The FIFA World Cup, which kicked off on Sunday, takes years of planning, billions of dollars invested, and attracts an estimated 2 million fans to host country Qatar.
- Middle Eastern country Qatar of 3 million people is hosting the FIFA World Cup this year and will bring close to 2 million fans to the country.
- The international sponsoring federation FIFA will spend $1.7 billion to operate the month-long tournament and associated events—this includes $440 million in prize money, $247 million for TV operations, and more.
- FIFA will earn about $4.7 billion in revenue, earning itself a significant profit.
- The nation of Qatar has spent around $220 billion readying itself for the tournament—building stadiums, a rail line, and other infrastructure.
- Qatar is expecting 1.3 million ticket buyers to attend the games and around 5 billion to tune in virtually—bringing in a large amount of money.
Why it’s news
The FIFA World Cup is one of the most watched sporting events in the world—with an estimated 5 billion viewers tuning in to watch this year.
Qatar has been planning for the better part of the decade—and will unlikely get an immediate payback for its 12-figure investment.
As mentioned, FIFA will cover the $1.7-billion operating costs for the duration of the cup—about $440 million in prize money, $247 million for TV operations, $326 million for costs of the competing clubs, and $207 million for workforce management. It is expected that FIFA will receive $4.7 billion in revenue from ticket sales, sponsorships, and merchandising, with a net gain of $3 billion.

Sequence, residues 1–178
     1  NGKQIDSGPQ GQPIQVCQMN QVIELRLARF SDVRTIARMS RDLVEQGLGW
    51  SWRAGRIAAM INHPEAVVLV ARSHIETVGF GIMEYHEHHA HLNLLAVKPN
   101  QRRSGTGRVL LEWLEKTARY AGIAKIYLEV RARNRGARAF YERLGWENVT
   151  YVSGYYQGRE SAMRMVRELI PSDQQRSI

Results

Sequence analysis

FIFA will take approximately 10% of this for its own operations and will distribute the balance to the 200-plus national soccer associations across the globe to promote the sport’s development, according to Sportico writer Andrew Zimbalist.
For Qatar the country has spent around $220 billion in preparation to host the cup. Around $10 billion was for the seven stadiums to host the games, and $36 billion for a rail line, and the rest was for security, hotels, and communications.
Though spent over 10 years, the amount is 20% more than the nation’s entire annual GDP of $180 billion.
Official World Cup beer sponsor Budweiser tweeted “this is awkward” when Qatar announced there would be no beer sales in or near the stadiums.